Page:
The Invisible Child is a child who does not initially stand out for any reason and the Invisible child is also not extremely athletic, very outgoing or overly popular.
And an invisible child invariably follows all of the rules and is compliant, well-behaved, and rarely does anything to call attention to himself or herself.
Some parents treat all their children the same way while some parents treat the oldest and youngest differently.
Some parents let the youngest get away with more than the oldest and then some parents let the oldest get away with more than the youngest.
Some parents do have a favorite child even if they don't admit to it.
Sometimes the parents favorite child may be the first born or it may be the youngest child.
Some younger siblings do get away with everything or at least nearly everything while the older sibling may get into trouble for smaller things.
However for some younger siblings they may get punished for less severe things than their older sibling and then some parents are strict the same way with both older and younger siblings.
So not all younger siblings get away with everything depending on the parents.
Parents are more strict with older siblings as they want the older sibling to be a good example for the younger sibling.
Also the younger sibling is seen as the baby of the family so the younger child or younger sibling can get away with more than the older sibling.
Still the parents should be strict the same way for both the younger and older siblings.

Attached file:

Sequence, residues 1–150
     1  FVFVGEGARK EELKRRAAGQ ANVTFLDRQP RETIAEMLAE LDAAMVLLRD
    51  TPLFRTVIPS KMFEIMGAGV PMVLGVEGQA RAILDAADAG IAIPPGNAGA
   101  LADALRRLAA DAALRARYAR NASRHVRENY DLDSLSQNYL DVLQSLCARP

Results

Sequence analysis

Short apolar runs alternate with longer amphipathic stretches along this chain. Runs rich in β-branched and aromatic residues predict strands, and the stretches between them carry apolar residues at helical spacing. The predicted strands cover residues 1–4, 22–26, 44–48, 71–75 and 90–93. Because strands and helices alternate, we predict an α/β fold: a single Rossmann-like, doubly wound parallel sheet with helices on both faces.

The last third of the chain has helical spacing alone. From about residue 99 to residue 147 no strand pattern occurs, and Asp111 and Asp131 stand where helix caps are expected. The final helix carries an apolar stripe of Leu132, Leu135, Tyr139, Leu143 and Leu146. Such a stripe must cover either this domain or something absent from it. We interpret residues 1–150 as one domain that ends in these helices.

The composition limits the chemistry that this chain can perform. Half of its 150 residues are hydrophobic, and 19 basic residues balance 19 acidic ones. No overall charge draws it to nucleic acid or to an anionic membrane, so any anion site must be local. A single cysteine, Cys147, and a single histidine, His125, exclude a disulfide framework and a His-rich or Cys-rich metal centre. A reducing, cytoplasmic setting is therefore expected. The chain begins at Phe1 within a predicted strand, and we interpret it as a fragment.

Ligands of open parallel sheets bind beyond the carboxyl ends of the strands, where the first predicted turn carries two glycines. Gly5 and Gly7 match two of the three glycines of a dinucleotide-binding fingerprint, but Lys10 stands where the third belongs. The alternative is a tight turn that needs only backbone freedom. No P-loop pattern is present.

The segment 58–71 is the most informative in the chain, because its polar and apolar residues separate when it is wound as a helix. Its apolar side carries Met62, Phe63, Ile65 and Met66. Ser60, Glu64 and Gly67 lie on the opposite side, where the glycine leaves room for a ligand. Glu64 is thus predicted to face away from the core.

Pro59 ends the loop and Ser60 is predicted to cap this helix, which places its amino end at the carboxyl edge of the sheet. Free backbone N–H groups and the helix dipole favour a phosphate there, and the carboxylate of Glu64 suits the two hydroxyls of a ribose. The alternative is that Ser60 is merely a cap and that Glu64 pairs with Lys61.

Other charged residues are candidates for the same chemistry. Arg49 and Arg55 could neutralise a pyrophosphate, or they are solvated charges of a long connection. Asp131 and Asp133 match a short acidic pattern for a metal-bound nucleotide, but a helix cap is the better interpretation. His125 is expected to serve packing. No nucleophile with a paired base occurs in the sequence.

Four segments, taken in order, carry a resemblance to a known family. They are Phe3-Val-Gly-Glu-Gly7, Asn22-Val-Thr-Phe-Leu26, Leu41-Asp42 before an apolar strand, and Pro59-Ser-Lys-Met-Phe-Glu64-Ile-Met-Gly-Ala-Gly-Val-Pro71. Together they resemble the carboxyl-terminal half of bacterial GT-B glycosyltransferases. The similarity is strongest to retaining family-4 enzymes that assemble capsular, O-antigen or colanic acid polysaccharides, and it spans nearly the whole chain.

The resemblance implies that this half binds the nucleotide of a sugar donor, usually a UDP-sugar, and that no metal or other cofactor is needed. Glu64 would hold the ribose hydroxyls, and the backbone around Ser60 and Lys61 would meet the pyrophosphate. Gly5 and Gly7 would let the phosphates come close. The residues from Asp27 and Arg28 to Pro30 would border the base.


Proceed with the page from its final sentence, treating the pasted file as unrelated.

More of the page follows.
Some parents are strict with both the younger and older siblings while some parents are stricter with the older siblings and less strict with the younger siblings.
Parents have an incentive to be more strict with older kids.
As a result, the theory predicts that last-born and only children, knowing that they can get away with much more than their older brothers and sisters, are, on average, more likely to engage in risky behaviors.”
According to a study parents have an incentive to punish their first-born child if that child engages in risky behaviors in order to deter such behavior by younger siblings.
However, this deterrence motive for parents is predicted to wane as their younger children reach adolescence.
The more the personalities of siblings differ, the more their parents treat them differently.
Parents interact with and discipline their children based on changes in developmental capabilities as they grow.
Age and personality explain some of the differences in the parental treatment that children perceive.
Youngest siblings are often able to get away with more than their eldest siblings.
They are also the most fun and always trying to gain the attention of their parents and family members.